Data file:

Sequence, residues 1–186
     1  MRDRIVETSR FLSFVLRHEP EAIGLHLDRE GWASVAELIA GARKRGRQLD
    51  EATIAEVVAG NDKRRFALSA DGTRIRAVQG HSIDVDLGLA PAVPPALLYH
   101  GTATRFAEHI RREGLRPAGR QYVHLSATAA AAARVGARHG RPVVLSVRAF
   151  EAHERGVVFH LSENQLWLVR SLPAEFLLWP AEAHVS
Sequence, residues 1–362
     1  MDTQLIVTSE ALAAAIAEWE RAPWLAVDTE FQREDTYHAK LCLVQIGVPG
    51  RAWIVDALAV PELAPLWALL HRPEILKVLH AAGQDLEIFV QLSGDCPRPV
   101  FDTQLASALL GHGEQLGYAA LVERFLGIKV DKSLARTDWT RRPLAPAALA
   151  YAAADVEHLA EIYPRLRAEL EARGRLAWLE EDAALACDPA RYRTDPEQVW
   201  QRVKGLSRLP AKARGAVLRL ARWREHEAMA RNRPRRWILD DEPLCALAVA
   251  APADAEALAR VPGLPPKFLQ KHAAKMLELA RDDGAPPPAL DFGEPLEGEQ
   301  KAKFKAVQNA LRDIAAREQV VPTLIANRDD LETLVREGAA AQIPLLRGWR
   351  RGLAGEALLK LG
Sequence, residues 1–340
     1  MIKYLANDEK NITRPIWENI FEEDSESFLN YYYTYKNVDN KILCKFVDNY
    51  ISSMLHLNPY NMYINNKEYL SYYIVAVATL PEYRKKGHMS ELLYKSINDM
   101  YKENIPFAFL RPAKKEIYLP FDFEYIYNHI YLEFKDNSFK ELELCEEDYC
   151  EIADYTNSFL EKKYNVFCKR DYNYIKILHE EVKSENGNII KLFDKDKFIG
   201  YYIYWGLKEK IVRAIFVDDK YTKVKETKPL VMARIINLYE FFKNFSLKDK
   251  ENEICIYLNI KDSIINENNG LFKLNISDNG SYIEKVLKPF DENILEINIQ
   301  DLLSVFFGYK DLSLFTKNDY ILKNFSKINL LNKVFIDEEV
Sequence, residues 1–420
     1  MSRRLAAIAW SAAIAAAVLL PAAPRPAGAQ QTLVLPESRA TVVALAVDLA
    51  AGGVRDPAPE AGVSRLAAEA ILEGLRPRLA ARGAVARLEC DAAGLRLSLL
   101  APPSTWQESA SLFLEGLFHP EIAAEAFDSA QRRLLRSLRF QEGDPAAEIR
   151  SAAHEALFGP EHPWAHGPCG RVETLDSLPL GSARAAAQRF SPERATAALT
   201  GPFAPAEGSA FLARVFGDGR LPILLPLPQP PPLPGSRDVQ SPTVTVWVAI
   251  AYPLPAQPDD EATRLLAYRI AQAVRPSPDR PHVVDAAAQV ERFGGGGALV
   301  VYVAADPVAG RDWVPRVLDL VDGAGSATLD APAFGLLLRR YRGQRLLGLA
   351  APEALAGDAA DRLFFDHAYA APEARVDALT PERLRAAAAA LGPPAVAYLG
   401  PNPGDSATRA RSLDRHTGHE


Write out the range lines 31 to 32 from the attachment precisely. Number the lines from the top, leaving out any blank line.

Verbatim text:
   351  APEALAGDAA DRLFFDHAYA APEARVDALT PERLRAAAAA LGPPAVAYLG
   401  PNPGDSATRA RSLDRHTGHE